Where to from here for traditional leadership development?

The primary focus on skills and attainment of the model of ‘successful’ leadership doesn’t quite cut it when faced with the unprecedented complexity that is the hallmark of the post-pandemic era. Over the last few years, we have noticed that the leaders who truly make a difference are also those who are self-aware, adaptable, and – crucially - comfortable with not having all the answers.

The crux of the issue is that we’ve been prone to lumping all leadership into one basket, leading to the assumption that there’s likely to be one ‘model’ solution for helping build or develop the perfect leader. What this approach fails to recognise is that a) not every leadership role requires transformation, and b) no two situations are identical. In these circumstances, a context-focused development approach that allows the individual to grow ‘as far as they can’ can be far more effective than striving for success using a mythical model of perfection. This means embracing both horizontal skills development and vertical growth, where leaders not only learn new skills but also evolve their worldview and approach to challenges.

Based on insights from research by Nick Petrie, I would argue for a more nuanced and expansive approach to leadership development. This includes recognising the value of both skill acquisition (horizontal development) and the deep, transformative growth (vertical development) that shifts how leaders perceive and interact with the world around them. It’s about moving away from a one-size-fits-all curriculum to a more personalised journey that reflects the unique challenges and contexts each leader faces.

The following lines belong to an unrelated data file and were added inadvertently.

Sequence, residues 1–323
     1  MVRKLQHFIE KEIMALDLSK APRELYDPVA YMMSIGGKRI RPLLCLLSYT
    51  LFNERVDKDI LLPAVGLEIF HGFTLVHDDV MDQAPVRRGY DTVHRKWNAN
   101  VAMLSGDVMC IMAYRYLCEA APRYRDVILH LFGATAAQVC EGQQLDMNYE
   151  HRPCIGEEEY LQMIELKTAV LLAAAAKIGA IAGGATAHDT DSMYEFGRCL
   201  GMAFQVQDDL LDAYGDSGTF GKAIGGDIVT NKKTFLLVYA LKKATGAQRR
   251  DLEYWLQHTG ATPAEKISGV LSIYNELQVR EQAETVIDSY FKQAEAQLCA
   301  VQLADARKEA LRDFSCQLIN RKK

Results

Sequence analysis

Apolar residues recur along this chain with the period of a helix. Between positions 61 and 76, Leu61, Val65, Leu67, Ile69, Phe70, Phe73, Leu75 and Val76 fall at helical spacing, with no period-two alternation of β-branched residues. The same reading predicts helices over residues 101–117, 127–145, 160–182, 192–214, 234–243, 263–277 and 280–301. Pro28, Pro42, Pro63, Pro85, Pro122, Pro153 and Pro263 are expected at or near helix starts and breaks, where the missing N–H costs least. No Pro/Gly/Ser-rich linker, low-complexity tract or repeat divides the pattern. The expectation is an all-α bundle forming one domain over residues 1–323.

In this new paradigm, leadership development isn’t purely owned by HR departments. The onus is shifted onto the leaders themselves, taking in their self-awareness and accountability and their intrinsic drive for personal growth rather than for the benefit of organisational or personal rewards. It sees leadership not as a title held by a few at the top but as a quality that can be fostered across an organisation. And importantly, it shifts the focus from the ‘what’ of leadership to the ‘what and how’, emphasising the application of skills in real-world scenarios.

Ultimately, the path to successful organisational transformation is paved with leadership development that is as diverse and dynamic as the challenges we face.

Time to get personal

It’s time to get personal in our approach to leadership, recognising that while not all leaders need to be transformers, those tasked with navigating change will benefit from a development journey that’s tailored to their unique context and to the specific transformations they aim to lead. And for us, as consultants and advisors to these leaders: it’s time to shelve our preconceptions about what leaders need and learn to pay attention to what individual leaders are telling us they need. We simply have to listen better.